“That conversation was a lot more difficult,” Mickey said. “I didn’t even know how to begin to talk to her about that because she already had a very limited view on what being transgender is, much less on a vague transgender spectrum. So that conversation was a lot more slow and it was a lot more of her asking a lot of questions.”

Cassandra said the adjustment was easier for her than her mother, but she still struggled a bit when it came to using different pronouns.

Mickey still has trouble getting their boss to use the right pronouns and had to fight to be called the right name. They said they were lucky in high school to not have to deal with these things.

“The town that I lived in was very unforgiving for sure,” Mickey said. “I was lucky that at the time I very much fit into the female binary that people wanted me to so I didn’t really have a lot of problems.”

Despite not having problems as a non-binary individual in high school, Mickey said they are now hyper aware of issues in the queer community, especially under Trump. Even with outspoken activists and more of an awareness of the queer community, Mickey said they are still critical of what is being shown in popular culture.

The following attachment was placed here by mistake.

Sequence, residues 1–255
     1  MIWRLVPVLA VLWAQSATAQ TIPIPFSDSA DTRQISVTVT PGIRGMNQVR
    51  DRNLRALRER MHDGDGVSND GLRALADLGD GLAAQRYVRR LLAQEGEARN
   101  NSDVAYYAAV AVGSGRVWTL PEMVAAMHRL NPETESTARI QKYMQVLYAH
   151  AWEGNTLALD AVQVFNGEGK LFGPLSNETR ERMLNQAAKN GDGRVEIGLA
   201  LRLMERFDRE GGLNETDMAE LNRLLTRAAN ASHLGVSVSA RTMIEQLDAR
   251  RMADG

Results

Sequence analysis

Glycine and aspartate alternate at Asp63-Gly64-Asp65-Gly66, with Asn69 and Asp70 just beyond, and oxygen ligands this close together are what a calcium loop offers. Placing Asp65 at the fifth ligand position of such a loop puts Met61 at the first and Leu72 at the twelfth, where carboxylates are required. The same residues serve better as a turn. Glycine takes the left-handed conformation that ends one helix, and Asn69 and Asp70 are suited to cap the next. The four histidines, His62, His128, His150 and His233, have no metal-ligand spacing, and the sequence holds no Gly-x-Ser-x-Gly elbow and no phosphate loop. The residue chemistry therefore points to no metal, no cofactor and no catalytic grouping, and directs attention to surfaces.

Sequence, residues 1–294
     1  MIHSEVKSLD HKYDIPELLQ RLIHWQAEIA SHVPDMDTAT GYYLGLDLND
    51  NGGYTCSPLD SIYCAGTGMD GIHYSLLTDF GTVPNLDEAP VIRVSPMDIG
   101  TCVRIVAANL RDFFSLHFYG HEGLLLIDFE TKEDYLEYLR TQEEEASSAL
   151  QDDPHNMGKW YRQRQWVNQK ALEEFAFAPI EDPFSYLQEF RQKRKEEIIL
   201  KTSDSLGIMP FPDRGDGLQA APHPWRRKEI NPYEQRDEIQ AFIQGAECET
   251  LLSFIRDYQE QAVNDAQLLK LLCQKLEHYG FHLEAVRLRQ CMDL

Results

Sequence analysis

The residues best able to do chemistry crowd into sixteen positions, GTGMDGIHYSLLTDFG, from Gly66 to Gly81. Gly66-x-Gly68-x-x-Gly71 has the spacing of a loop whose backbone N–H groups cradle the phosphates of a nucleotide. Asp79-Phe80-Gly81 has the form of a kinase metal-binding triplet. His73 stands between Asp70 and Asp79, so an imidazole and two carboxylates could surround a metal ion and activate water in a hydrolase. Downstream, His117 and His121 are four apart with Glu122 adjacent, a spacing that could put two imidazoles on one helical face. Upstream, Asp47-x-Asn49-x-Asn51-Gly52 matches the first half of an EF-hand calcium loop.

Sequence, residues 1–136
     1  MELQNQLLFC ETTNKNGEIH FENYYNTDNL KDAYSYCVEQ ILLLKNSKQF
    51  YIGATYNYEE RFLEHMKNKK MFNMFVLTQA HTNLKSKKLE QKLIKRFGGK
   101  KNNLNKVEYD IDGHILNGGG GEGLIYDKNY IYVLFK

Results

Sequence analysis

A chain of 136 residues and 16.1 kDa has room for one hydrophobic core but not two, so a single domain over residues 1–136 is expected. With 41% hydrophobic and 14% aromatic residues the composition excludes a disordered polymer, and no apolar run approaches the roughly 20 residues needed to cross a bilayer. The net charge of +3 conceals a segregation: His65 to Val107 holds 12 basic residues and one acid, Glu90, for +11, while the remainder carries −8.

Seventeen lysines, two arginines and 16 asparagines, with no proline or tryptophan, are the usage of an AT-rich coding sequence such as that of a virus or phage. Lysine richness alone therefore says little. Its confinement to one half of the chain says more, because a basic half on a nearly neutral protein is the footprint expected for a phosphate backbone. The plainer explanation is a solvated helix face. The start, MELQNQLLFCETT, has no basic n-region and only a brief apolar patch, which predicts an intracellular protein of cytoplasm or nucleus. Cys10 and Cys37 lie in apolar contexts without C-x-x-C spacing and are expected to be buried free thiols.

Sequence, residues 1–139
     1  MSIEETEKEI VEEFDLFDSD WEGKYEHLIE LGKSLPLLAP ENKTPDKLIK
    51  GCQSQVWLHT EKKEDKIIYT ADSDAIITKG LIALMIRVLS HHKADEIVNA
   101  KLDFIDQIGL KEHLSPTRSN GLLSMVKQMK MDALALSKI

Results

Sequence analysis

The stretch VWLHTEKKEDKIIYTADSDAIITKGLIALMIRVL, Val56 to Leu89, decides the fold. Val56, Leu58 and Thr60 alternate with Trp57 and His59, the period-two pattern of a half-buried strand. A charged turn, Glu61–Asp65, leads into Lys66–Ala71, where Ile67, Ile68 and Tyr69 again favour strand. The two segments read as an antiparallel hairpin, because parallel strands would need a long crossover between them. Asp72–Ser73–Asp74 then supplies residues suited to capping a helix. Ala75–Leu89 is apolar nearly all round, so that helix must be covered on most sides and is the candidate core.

“There’s a lot that people don’t really talk about when it comes to queer culture. Even with the exposure that we have now it’s kind of cosmetic,” Mickey said. “A lot of the gay culture that is exposed is handsome white gay men dancing in clubs or famous people who don’t fit the bill of what’s going on.”

Mickey criticizes this perception of queer culture because it undermines the terrible things happening to the queer community not just in Trump’s America, but globally.

Mickey said they do not see enough media coverage of these things. They pointed out that there are currently active concentration camps in Chechnya rounding up gay men and torturing and killing them. Mickey said they have seen little to no coverage of these events in mainstream news.

According to the Human Rights Campaign, their organization became aware of these atrocities as early as April via news reports and urged Secretary of State Rex Tillerson to condemn what was happening. As of June, Tillerson has remained silent on the issue.